Lecture 5



William James, The Varieties of Religious Experience: A Study in Human Nature (1901-02) mystical states show rational consciousness as only one kind of consciousness, one way of  apprehending reality

Alfred Schutz, “Multiple Realities” (1962)

“several, probably an infinite number of orders of realities, each with its special and separate style of existence”

it is the meaning of our experiences and not the ontological structure of objects that make up reality

“the world of everyday life”
wide awake, grown up, natural attitude, practical or pragmatic, world of work standard time, standard space, fundamental anxiety
rational work-a-day consciousness is based, however, on a suspension of doubt that things might be other than they appear

suspension of doubt that things might be other than they appear, however, makes us vulnerable to the eruption of the strange that shatters the natural attitude

We are not ready to abandon our attitude toward it [i.e., the world of everyday life] without having experienced a specific shock, which compels us to break through the limits of these “finite” provinces of meaning and to shift the accent of reality to another one (Schutz 1962: 343-44).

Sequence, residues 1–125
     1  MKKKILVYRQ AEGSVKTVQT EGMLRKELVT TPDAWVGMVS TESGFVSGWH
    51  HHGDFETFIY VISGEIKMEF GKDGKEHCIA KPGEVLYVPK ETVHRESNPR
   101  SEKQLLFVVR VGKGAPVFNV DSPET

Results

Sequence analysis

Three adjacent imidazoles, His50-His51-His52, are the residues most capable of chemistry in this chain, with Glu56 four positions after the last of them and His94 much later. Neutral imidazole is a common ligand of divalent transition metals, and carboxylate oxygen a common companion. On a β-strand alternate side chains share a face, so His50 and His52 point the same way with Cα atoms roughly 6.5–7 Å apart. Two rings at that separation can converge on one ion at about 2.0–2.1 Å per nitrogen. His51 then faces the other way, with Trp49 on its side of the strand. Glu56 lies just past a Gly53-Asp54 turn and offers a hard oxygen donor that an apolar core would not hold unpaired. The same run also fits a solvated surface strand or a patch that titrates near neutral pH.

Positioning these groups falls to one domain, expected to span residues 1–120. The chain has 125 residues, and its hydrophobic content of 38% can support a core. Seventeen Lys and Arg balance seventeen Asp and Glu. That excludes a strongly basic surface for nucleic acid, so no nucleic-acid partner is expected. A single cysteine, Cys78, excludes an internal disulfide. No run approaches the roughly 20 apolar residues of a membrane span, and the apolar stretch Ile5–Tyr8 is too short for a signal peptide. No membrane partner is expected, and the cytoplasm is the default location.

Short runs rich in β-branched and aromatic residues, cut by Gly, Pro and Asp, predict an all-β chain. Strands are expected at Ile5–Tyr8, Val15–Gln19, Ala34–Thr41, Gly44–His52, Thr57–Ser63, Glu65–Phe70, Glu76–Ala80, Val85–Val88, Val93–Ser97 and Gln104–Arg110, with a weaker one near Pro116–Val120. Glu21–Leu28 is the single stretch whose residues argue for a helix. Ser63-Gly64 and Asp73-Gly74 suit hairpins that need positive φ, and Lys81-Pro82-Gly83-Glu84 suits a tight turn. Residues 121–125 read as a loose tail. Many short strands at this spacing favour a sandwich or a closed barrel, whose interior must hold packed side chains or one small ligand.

inconsistency &  incompatibility of provinces or realms of meaning relative to each other; or, problem of several coexisting realities, i.e., religious & moral pluralism

Victor Turner, The Ritual Process: Structure and Anti-Structure (1969)

ritual has a specific structure involving passage from one mode of existence to another

threefold structure of ritual
1) preliminal stage (separation)
2) liminal stage (passage)
3) postliminal stage (reincorporation)

liminality:  the crucial phase

how liminality relates to communitas

ambiguous character of the liminal phase

liminality implies there could not be a high without a low

attributes of sexlessness & anonymity highly characteristic of liminality

institutionalization of liminality most marked in monastic & mendicant states of great religions (Turner 1969: 107)

communitas as anti-structure

Dylan—hippies, beats, bohemians, & romantics

Dylan as spokesperson for “structurally inferior”: persons or groups that
1) fall in the gaps of social structure
2) are on society’s margins
3) occupy its lowest status

dialectic between communitas and structure